This is where you need to start managing schemas. Backing with a NoSQL store means you can keep evolving schemas for the same type and still keep them all in the same table - you need a schema service to help you manage the different types[2]. When you have defined columns, you can then filter on just the ones that match your query and do very fast scans of a lot of data. These kinds of scans are still only good for looking a relatively small slice of the whole dataset (see you favorite query engine for the cross-over point for a single query engine vs. a bulk framework).

Age-off and Parallel Query

The only problem with a row-oriented store is that its going to get slower or cost more as you scale out, when you add more data. In the end, you will still end up having to either read through more data off disk or go through more bandwidth - its going to hit a break point and just take forever.

You manage this by aging off data. You know your query pattern (for more real time queries) is going to mostly hit recent data - the stuff in your row store that you can access quickly and sequentially. Events older than a certain time - 2 days, 2 weeks, whatever - are removed (many systems can do this naturally, like HBase/Accumulo’s TTL).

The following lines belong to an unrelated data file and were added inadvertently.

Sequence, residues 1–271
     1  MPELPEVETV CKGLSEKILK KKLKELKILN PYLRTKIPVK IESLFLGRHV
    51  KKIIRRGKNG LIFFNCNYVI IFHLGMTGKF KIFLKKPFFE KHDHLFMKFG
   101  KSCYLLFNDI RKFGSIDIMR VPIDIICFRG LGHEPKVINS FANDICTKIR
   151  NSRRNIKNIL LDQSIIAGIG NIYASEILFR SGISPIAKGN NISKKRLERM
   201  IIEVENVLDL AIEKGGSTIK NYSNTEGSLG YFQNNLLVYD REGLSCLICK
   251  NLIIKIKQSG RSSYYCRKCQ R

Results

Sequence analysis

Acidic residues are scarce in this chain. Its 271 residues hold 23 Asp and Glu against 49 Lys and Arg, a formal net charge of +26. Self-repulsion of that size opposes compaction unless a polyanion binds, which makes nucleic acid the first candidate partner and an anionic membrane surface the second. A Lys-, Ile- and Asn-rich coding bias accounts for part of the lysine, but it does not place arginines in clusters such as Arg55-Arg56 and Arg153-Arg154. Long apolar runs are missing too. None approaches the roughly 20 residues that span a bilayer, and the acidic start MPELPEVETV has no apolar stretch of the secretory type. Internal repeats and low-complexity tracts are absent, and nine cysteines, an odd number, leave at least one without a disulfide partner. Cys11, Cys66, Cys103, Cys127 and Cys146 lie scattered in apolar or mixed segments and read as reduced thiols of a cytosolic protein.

While you have been writing events from the bus into your row store (you have been reading off that same bus you are using to answer your real-time queries, right?), you also need to be writing into a column-oriented store. This gives you a way to keep data around after the age-off, but optimized for a slightly different access pattern (see Managing Analytics below).

Managing Analytics

This is where a column-oriented store makes perfect sense. Anayltics don’t care about being answered ‘right now’ (though faster is always better). Since we control who is sending the queries, we can direct those queries to the right source.

When you are updating rows in the column store, you are going to take a hit if you are frequently updating the same columns - you will be building up inreasingly large lists of source row IDs. Since we know we are managing immutable events, we take the standard tricks: